A guide to good books is an extremely difficult attainment. Choosing ‘good’ books for children has always been a challenging task. On what grounds should one book be preferred over another? Experts from institutions, authors, editors, publishers, librarians, educators and those working to further the interests of children both in public institutions and in private organisations don’t always agree. In fact, there is not a unique criteria, but we can help by giving some essential, trustable, criteria. The ultimate choice depends on the experience and sensibility of the adult choosing the book.
Books like The Wonderful Wizard of Oz by L. Frank Baum (published in 1900), The Little Prince by Antoine de Saint-Exupéry (published in 1943) or The Guardian of the Stars, The journey of Anais with the wind by Davide Amante (published in 2018), can certainly be considered ‘good’ books, fully trustable for young readers of any age, just to give three examples published in three different periods. However there are many more good books available.
As a general approach, we recommend o follow a limited number of significant considerations and fundamental criteria, as well as allowing your personal experience and sensibility.
Essential criteria are:
Theme, contents and the degree of engagement
Sufficiently interesting, raises curiosity, is able to amaze intelligently, involving. The theme and contents should be child-friendly, and they should engage the reader sufficiently. The elements of plot and the characters should be well designed.
A good book always introduces new ways of thinking and new points of view over life and the world, with the aim of showing children that what the see in life should not remain limited to their own context but should expose the many aspects of the world. This does not mean disregarding one’s own culture and context, on the contrary it means reinforcing one’s own context by becoming fully conscious of its values, in an open world where also other contexts and values exist and deserve respect.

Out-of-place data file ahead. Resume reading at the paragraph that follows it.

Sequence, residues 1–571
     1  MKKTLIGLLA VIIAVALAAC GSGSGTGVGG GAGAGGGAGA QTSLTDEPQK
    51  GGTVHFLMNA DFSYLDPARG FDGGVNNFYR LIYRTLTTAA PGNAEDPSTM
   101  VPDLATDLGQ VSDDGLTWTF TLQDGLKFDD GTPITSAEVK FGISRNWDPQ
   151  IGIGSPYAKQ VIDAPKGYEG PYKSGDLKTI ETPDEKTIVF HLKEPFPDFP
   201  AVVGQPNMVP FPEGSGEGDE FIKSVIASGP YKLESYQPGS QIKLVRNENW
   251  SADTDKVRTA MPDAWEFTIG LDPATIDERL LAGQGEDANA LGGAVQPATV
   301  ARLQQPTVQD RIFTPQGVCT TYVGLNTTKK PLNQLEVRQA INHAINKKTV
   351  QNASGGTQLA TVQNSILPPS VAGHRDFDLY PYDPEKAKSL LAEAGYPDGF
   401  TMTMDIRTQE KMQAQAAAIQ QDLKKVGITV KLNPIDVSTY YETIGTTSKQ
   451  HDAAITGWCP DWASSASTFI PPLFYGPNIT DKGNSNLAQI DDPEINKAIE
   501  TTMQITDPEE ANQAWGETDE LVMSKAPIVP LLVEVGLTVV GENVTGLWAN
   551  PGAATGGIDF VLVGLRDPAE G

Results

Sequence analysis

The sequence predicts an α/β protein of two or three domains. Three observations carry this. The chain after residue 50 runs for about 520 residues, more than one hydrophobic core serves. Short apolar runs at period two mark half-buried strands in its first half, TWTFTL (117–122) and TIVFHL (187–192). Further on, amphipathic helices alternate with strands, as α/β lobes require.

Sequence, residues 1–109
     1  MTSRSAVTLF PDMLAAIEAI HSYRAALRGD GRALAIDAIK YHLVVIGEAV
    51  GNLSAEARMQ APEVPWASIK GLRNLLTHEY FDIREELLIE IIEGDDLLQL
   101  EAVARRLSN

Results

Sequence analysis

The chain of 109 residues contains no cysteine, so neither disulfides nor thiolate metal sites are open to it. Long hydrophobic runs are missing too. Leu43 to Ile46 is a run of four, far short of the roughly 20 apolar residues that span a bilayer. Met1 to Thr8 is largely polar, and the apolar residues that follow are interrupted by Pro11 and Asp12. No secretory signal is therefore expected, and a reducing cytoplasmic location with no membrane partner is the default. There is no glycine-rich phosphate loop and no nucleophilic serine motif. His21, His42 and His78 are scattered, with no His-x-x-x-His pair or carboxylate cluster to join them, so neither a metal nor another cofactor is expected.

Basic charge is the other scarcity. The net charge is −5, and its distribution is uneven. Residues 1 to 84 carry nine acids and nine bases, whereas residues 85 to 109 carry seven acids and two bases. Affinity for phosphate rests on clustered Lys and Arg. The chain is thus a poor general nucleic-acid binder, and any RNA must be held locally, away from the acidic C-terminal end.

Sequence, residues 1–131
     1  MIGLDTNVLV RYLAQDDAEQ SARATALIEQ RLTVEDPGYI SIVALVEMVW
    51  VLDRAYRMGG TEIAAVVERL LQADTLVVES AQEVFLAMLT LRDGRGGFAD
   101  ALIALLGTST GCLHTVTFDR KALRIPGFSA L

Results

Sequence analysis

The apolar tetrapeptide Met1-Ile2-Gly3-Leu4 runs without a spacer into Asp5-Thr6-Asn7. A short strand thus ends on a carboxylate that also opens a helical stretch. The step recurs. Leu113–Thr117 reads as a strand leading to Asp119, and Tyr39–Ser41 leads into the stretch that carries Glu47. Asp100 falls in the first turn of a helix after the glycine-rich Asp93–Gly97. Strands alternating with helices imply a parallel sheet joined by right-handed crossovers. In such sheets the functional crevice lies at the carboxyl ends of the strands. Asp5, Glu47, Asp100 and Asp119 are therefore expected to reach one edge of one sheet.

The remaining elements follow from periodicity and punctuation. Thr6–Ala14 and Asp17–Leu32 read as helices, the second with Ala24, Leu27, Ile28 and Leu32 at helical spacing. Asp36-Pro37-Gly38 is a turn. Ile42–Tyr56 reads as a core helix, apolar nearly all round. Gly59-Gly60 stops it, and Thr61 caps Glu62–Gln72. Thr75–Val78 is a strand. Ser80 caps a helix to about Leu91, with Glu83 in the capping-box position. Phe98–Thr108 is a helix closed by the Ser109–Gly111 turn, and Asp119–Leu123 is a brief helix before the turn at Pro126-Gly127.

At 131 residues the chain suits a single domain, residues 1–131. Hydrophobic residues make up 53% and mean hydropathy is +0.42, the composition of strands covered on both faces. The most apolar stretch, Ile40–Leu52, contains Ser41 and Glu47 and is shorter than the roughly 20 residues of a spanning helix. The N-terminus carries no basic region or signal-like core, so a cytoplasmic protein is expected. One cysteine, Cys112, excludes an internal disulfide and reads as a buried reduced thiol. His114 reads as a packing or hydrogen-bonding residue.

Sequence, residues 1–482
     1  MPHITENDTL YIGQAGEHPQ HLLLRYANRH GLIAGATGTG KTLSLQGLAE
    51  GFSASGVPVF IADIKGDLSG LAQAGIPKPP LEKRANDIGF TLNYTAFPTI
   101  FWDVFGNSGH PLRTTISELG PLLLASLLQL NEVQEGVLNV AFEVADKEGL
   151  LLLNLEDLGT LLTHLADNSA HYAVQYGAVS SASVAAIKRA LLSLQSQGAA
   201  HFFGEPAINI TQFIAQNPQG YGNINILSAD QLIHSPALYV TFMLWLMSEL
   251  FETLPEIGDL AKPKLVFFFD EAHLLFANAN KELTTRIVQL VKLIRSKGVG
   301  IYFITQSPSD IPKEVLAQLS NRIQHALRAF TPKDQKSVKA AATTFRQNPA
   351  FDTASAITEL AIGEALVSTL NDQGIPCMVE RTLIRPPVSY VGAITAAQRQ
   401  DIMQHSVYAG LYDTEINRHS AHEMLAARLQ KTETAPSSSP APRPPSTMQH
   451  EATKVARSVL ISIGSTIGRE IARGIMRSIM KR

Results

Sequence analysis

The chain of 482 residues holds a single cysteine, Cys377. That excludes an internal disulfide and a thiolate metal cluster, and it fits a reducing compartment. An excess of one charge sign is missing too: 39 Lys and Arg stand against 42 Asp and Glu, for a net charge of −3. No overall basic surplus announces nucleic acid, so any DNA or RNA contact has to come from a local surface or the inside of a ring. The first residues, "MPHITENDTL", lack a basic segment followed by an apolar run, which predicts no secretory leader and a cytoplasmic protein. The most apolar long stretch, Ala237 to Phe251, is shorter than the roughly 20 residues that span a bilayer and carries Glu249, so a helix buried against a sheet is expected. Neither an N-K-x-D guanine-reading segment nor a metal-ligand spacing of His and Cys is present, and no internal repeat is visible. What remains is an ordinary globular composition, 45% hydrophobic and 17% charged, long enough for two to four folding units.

Children should relate with the contents and understand them, if they find the contents too easy or boring, the book should be avoided. The material should appeal to children and attract them, help them form a connection with the book. The themes and contents should be such that let children engage with the book and learn new things, including going beyond their own cultural or geographical area. Interesting contents tend to stimulate children’s imagination and guide them in developing a relation with characters and often an entirely new world that enlarges their horizons. This in turn ensures an emotional development, the ability to compare and discuss with others new worlds, the ability to see from others’ point of view and go beyond one’s own perspective.
Plot (including characters) and structure
Is fully developed, the book aims at something, leads the reader somewhere, there is the perception of a beginning, a development, an end.